within which around 20% of the workers are creating Nike products. audits have found that wage rates are above the national legal minimum.3% reported being physically abused.8% had observed. In both cases. where these are less of a cost. Any auditing carried out by Nike should be made public. In Indonesia. which has experienced serious problems leading to labour disputes. Nike believe that the sharing with factory locations with independent third parties on a confidential basis enables them to monitor their supply chain properly. She points to a photo published in 1996 showing children in Pakistan stitching Nike footballs as an example of the use of child labour. but critics contend that this does not actually constitute a fair living wage. accusing them of abandoning countries as they developed better pay and employment rights in favour of countries like China. and 3. and 56. They state that disclosure of the factory names. Other critics have suggested that Nike should publicise all of its factories. and to pick up and respond to issues. They point out that they have not abandoned countries as she claims. the following was reported: 30. 73. The Issue . Nike responded to the audit reports with a detailed remediation plan.8% of workers reported receiving unwelcome sexual comments. plus details of audits of those factories. A further report has been produced relating to a site in Mexico. Nike has sought to respond to these allegations by putting into place a code of conduct for all of its suppliers. In addition. As for wage rates. verbal abuse. the main concerns expressed by workers relate to their physical working environment.2% of the workers had personally experienced. and allow independent inspection to verify conditions there. with allegations made by campaigns of poor conditions. By and large. and working with the Global Alliance to review around 21 of these factories. and remain in Taiwan and Korea despite the higher wages and labour rights. They now operate stitching centres where the non-use of child labour can be verified. would be used by the NGOs simply to make further attacks rather than as part of a dialogue to help the company to address and resolve those problems which exist.4% of workers are satisfied with their relationship with direct line supervisors.What are the issues? Nike has around 700 contract factories. Conditions for these workers has been a source of heated debate. Nike are also visibly dismayed at how they have attained the status of lead focus in this area. although a subsequent investigation was unable to confirm this. What do the critics say? Naomi Klein. in her widely read book "No Logo" deals quite extensively with Nike. with commonplace harassment and abuse. sexual trade practices in recruitment and promotion were reported by at least two workers in each of two different factories. when these are meaningless given the different cost of living in the countries concerned. They admit that the 1996 photo documented what they describe as a "large mistake" when they began to order soccer balls for the first time from a supplier in Pakistan.8% are satisfied with management. An average of 7. Far and away. What does Nike say? Nike accuses Naomi Klein of peddling inaccurate and old information. A lot of focus is given to wage rates paid by the company’s suppliers. 67. They request that people look towards their competitors and see how many of them have taken the kind of measures the company has over the last few years. Nike feels that establishing what constitutes a "fair" wage is by no means as easy as its critics would have the public believe – and disparages the constant quoting of wage rates in US dollar equivalents.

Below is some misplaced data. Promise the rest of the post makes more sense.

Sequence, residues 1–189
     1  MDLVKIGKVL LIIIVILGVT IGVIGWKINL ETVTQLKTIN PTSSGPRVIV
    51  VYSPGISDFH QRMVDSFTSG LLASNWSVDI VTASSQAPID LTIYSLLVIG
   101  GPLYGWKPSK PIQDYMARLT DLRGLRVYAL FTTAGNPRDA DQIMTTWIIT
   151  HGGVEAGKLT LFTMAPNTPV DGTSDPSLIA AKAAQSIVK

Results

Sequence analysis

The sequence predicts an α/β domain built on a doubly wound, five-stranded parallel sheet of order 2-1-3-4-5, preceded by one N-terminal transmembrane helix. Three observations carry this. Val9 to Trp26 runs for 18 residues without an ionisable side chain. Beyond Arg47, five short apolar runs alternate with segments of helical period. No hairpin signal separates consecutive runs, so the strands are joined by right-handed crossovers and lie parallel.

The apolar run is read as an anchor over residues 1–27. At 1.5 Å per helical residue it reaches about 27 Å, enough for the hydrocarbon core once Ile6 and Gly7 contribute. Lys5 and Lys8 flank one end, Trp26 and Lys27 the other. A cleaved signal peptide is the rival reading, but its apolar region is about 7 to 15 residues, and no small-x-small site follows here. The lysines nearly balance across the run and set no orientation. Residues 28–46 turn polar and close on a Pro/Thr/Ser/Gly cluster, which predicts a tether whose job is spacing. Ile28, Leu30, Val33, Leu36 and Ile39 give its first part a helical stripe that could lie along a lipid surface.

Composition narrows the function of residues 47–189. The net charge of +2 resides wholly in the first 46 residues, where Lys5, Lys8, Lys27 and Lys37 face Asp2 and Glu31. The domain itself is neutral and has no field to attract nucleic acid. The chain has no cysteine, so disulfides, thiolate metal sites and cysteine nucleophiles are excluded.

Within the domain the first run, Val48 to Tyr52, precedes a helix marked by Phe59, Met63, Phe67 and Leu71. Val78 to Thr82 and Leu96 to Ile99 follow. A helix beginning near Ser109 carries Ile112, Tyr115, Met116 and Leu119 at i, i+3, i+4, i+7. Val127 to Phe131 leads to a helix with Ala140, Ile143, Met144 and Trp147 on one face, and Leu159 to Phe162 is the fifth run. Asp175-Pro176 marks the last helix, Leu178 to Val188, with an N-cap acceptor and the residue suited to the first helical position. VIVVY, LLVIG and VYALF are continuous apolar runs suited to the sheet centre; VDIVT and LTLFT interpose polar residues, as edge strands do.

S.Consumer awareness 1996 When the June. The article's lead photograph showed 12-year-old Tariq surrounded by the pieces of a Nike soccer ball which he would spend most of a day stitching together for the grand sum of 60 cents. And that's nonot all. Child labor is spread all over Pakistan but has the greatest impact in the northwest of punjab province. company found guilty practicing and encouraging it will be prosecuted. Pakistan has a population of approximately 1 million and is an important centre for the production of goods for export to international markets. While Pakistan has laws against child labor and slavery. Education receives around 3% of the total gross domestic product when compared to over ten times of this amount spent on military. Sialkot is thus one of the world’s most important centres for production of sporting goods. Provision for education is very limited. but the government carries lack of willingness to do anything about it.Nike has been accused of using child labor in the production of its soccer balls in Pakistan.GATT and WTO prohibits member nations. Nike knew that it was in trouble. it's important to recognize that . holding up Tariq's photo. Nike chairman Phil Knight also acknowledged that a shipment of soccer balls Nike purchased in Pakistan in the year 1996 was made by a subcontractor using child labor in "horrible conditions. 2. that is Sialkot. In a matter of weeks. nearly all the soccer balls made in Pakistan have been revealed to be made by young children getting paid just cents a day. And yet. Indonesian labor organizers has been put behind bars. Are dolphins becoming more important than children? A question making WTO to reconsider the children's appeal of the third world. and with the high rate of inflation it becomes difficult for a low income population to survive.S constitution states that child labor is an illegal and inhumane practice and any U. And. activists all across Canada and the United States were standing in front of Nike outlets. Child labor exists in Sialkot both in the export sector and the domestic sector. exports from Sialkot brought income of almost US$ 385 million into the Pakistan economy. the government has taken very little action to combat it. like the United States. Supervisors at a plant in Vietnam apparently beat workers being paid 20 cents an hour and refused to allow them to leave their work posts. Only a boycott by the United States and other nations will have any impact on slavery and child-based industries. gives the clear picture of the existence of child labor in Pakistan." Although 1996 was the first year in which real public attention was focused on Nike's labor practices abroad. This fact has been well documented and reported by the international media for several years but nothing has been done about it. most troubling. This case study will examine the claims and describe the industry and its impact on laborers and their working conditions. from discriminating against the importation of goods made by children. Cameramen have been pushed out of factory floors. 1996 issue of Life magazine carried an article about child labor in Pakistan. In Pakistan it is clearly documented that child labor is against the law. due to the fact that very low priority is given to education in the national budgets. Pakistan has a traditional culture where earning of one person goes on feeding 10 mouths. particularly sporting goods.900 per year -meaning that a typical person survives barely on $5 per day. Gender and other forms of discrmination plus adding to the lack of political will. Futhermore the U. Description Brief about the tradition of child labor in Pakistan Pakistan has a per-capita income of $1. How it all started . Nor has it been open about its labor practices in the way public companies should be expected to be. Nike has not done an especially good job of scrutinizing the subcontractors with which it's working. In 1994.